Wednesday, October 08, 2014
The CLARK - Williamstown, Massachusetts
A gray morning, our calendars were clear, Michael and I started off to see some art. I am in high spirits and the fall foliage matches my intensity. We can't wait to see the re-opened permanent collection after years of extensive planning and construction. It is incredible! The Clark owns some superior pieces and their new home is a real beauty. Explore it here.
Exhibitions? Yes, we strolled through Make It New: Abstract Painting from the National Gallery of Art, 1950-1975. A nice overview of the period and I was happy to pick out several by women painters from across the huge gallery...Helen Frankenthaler, Joan Mitchell, Yayoi Kusama and Lynda Benglis....maybe more. I did not take notes. I want to go back and actually read and learn. That time period coincides with mine...and one thing I learned was there were few or no women in abstract shows. As you know I have been counting girls and boys in the exhibits I attend for too many decades now. I say things are getting better, slowly, in some galleries. There is still room for improvement when a historical review is put up. Look harder...find those female artists.
We did not spend enough time reading Radical Words; from the Magna Carta to the Constitution. Thumbs up for including: The Emancipation Proclamation, The Declaration of Rights of the Women of the United States as well as the Universal Declaration of Human Rights and others. This is important. Go there first, not last. It is small and immensely enlightening.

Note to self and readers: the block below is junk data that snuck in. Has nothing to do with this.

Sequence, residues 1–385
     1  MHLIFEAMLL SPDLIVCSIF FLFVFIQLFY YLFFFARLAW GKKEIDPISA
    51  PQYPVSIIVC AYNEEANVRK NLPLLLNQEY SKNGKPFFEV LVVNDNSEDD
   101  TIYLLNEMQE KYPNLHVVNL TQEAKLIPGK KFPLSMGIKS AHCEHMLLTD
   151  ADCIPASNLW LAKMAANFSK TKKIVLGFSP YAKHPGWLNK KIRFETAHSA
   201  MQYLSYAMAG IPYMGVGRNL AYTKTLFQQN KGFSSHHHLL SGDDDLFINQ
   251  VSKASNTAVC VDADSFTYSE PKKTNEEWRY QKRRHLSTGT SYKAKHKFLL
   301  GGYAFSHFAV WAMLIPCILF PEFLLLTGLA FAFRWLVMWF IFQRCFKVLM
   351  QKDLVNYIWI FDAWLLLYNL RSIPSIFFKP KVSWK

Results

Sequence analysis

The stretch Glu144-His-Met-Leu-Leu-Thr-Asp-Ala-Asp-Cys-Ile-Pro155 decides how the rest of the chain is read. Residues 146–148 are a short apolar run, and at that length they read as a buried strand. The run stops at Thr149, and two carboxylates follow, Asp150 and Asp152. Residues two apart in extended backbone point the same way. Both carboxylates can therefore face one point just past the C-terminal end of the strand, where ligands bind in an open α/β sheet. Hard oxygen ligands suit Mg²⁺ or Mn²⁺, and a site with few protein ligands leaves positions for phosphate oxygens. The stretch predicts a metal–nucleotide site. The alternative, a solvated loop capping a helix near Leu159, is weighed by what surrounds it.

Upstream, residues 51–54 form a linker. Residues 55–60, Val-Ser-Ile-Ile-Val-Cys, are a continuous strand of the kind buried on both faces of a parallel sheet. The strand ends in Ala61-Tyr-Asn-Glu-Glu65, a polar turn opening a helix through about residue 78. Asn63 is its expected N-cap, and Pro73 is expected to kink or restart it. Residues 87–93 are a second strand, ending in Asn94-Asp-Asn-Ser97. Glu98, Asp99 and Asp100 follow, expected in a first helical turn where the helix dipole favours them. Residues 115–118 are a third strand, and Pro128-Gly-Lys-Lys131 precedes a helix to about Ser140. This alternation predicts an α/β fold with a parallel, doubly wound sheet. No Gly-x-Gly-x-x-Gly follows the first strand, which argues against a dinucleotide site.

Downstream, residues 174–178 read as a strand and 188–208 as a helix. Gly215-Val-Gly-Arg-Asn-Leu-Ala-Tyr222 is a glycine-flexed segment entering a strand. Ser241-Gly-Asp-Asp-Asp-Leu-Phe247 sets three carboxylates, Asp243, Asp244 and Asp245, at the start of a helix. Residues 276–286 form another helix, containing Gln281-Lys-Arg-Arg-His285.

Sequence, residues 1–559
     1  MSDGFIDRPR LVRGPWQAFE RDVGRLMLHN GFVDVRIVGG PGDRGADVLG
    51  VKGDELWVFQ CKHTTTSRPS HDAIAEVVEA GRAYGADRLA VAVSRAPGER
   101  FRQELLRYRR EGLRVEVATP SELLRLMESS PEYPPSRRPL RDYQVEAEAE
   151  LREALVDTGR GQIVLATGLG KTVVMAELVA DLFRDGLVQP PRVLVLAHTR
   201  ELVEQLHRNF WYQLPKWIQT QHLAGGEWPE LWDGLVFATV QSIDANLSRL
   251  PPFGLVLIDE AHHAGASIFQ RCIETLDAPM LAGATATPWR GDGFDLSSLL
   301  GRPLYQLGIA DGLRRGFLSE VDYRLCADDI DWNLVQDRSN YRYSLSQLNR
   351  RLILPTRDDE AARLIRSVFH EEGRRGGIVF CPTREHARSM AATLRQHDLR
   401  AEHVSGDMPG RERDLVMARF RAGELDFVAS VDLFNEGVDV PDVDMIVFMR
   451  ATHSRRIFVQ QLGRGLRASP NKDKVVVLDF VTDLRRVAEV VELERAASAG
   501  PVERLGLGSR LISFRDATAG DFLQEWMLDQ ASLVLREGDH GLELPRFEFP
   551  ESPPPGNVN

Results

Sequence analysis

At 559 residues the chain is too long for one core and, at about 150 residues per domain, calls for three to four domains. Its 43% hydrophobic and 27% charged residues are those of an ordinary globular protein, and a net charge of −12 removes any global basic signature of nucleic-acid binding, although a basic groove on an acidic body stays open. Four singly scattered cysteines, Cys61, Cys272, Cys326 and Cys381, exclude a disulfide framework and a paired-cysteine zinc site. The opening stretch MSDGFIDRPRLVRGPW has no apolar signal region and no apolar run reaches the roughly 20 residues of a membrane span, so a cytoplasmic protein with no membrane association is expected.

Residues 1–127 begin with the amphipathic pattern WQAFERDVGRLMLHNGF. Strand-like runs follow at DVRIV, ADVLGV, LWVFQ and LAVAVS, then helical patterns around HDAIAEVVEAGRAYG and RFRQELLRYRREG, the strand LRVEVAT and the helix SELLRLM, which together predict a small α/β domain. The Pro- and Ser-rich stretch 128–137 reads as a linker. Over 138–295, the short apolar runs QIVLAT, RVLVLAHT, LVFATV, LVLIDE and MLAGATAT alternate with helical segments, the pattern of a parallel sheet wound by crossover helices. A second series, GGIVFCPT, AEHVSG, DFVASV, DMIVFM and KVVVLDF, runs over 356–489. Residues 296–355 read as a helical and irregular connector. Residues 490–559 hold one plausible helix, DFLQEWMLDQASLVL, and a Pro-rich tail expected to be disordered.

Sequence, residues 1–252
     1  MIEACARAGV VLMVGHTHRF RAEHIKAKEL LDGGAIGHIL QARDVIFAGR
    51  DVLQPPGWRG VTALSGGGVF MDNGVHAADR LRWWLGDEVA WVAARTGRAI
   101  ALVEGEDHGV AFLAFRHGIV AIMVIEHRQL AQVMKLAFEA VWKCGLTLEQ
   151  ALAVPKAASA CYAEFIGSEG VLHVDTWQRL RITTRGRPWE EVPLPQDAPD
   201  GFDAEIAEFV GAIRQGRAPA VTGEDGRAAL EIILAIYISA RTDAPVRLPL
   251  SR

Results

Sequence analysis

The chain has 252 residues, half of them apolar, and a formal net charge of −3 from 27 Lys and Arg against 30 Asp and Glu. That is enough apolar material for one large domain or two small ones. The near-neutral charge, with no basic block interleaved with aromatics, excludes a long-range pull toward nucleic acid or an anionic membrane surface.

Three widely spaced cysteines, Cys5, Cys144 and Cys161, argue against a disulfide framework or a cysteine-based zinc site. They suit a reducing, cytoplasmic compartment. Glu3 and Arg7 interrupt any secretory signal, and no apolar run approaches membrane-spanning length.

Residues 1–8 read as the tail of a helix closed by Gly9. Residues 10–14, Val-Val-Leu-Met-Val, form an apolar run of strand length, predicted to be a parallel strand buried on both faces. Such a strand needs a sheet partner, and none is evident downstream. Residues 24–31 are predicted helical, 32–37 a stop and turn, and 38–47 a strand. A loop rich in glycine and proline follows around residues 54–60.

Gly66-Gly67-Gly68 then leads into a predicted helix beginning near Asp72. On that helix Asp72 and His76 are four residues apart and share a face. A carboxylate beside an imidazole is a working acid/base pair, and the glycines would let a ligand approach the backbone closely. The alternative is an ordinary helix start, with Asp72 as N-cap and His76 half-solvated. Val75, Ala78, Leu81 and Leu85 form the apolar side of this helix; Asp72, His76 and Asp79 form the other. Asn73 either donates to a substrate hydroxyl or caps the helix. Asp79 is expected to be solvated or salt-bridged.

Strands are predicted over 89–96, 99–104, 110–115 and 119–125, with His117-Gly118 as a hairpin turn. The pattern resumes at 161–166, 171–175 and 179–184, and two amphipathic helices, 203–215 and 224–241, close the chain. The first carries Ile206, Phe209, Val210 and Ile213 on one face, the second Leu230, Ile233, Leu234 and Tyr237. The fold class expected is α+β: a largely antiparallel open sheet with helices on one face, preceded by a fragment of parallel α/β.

The new galleries housing the permanent collection was what we really came to see and we looked through all rooms...a quiet, low light, un-crowded, intimate viewing of some of our favorite works by John Singer Sargent, Edgar Degas, The French Impressionists, George Inness, Winslow Homer.
I discovered a new favorite oil painting, Friends or Foes? Late in his career, Frederic Remington painted some nocturnes of exquisite beauty. I think there were some things that worried him about the 'winning of the west'. This one features a single figure, a Blackfoot scout mounted on a small black horse, in a vast western landscape of snow and stars. Far in the distance shine a few lights from a small settlement? trading post? encampment? saloon? The scout seems to be asking himself the title question.
For me this is a perfect picture, drawn by a master. It pulls the viewer into the blue shades of the night and miles of snow. The simplicity of the work speaks worlds to me...about the Native American perspective...the quiet of a snowy night under the stars...how big and lonely some parts of the west were...the seductive pull of the bright lights...and the vulnerability of the single figure alone in the dark...thick with mystery.
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